Polynomials problem help

  • Thread starter Ted123
  • Start date
  • #1
446
0

Homework Statement



[PLAIN]http://img443.imageshack.us/img443/3096/questiond.jpg [Broken]

The Attempt at a Solution



If [itex]P(z)Q(z)=0[/itex] then

[itex]\displaystyle a_0b_0 + (a_0b_1 + a_1 b_0)z + ... + \left( \sum_{i=0}^k a_i b_{k-i} \right) z^k + ... + a_n b_m z^{n+m} =0[/itex]

Now what? Equate coefficients?

[itex]a_0 b_0 =0 \Rightarrow a_0 = 0 \; \text{or}\; b_0 = 0[/itex]

[itex]a_0 = 0 \Rightarrow a_1 b_0 =0 \Rightarrow a_1 = 0 \; \text{or}\; b_0 =0[/itex]

[itex]b_0 =0 \Rightarrow a_0 b_1 = 0 \Rightarrow b_1 = 0 \; \text{or}\; a_0 = 0[/itex]

...
 
Last edited by a moderator:

Answers and Replies

  • #2
tiny-tim
Science Advisor
Homework Helper
25,832
251
Hi Ted123! :smile:

Hint: start at zn+m. :wink:
 
  • #3
446
0


Hi Ted123! :smile:

Hint: start at zn+m. :wink:

Doing this gives

[itex]a_n = 0\;\text{or}\; b_n = 0[/itex] but what next?

Would it be better to use the fact that:

If P isn't identically zero, it has at most n roots.
If Q isn't identically zero, it has at most m roots.

So, if neither P and Q are identically zero, PQ has at most m+n roots. How could I use this?
 
  • #4
tiny-tim
Science Advisor
Homework Helper
25,832
251
… but what next?

think! :smile:

(how are an and bm defined?)
 
  • #5
446
0


think! :smile:

(how are an and bm defined?)

Well in the question before this it states that [itex]a_n \neq 0[/itex] and [itex]b_m \neq 0[/itex] and it says in this question let P and Q be complex polynomials as in the previous question (I missed these conditions out when I copied the polynomials from the previous question).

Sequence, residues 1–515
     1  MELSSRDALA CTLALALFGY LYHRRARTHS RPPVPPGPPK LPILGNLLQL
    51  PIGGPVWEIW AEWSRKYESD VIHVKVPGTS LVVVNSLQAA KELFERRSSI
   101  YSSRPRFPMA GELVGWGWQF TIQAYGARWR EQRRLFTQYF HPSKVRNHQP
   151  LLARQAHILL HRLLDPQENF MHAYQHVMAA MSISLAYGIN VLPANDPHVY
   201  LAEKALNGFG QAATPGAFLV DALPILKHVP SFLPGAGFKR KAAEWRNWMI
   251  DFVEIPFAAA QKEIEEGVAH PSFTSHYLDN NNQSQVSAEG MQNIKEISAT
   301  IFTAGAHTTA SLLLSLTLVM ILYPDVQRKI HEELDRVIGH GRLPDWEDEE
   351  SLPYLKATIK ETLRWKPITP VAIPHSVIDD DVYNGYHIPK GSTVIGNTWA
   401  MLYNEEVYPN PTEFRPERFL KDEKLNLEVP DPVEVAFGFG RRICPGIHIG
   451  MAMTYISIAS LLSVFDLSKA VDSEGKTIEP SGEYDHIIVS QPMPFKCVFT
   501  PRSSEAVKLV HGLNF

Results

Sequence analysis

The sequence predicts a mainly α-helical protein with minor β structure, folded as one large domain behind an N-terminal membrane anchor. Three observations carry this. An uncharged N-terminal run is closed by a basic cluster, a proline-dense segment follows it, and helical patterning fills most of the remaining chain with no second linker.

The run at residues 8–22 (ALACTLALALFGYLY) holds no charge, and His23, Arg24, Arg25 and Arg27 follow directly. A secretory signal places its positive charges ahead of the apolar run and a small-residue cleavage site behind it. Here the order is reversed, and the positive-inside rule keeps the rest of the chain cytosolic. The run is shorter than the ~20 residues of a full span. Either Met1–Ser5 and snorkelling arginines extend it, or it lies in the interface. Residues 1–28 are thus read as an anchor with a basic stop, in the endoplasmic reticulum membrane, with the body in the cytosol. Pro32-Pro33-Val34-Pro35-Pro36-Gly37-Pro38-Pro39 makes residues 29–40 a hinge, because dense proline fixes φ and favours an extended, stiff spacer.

So if [itex]a_n b_m =0[/itex] but [itex]a_n , b_m \neq 0[/itex] what do we have?
 
  • #6
tiny-tim
Science Advisor
Homework Helper
25,832
251
a contradiction!!

soooo … ? :smile:
 
  • #7
446
0


a contradiction!!

soooo … ? :smile:

[itex]P(z)Q(z) \neq 0[/itex]
 
  • #8
tiny-tim
Science Advisor
Homework Helper
25,832
251
Yes … you've proved that if P and Q are not zero, then PQ is not zero. :smile:
 
  • #9
446
0


Yes … you've proved that if P and Q are not zero, then PQ is not zero. :smile:

So does this prove the converse (which I need to prove) that if PQ=0 then P or Q are 0? Oh yes - I see it does now :smile:
 
Last edited:

Related Threads on Polynomials problem help

  • Last Post
Replies
1
Views
884
  • Last Post
Replies
14
Views
1K
  • Last Post
Replies
4
Views
1K
  • Last Post
Replies
1
Views
1K
  • Last Post
Replies
4
Views
2K
  • Last Post
Replies
6
Views
4K
  • Last Post
Replies
5
Views
991
  • Last Post
Replies
7
Views
5K
  • Last Post
Replies
5
Views
4K
Top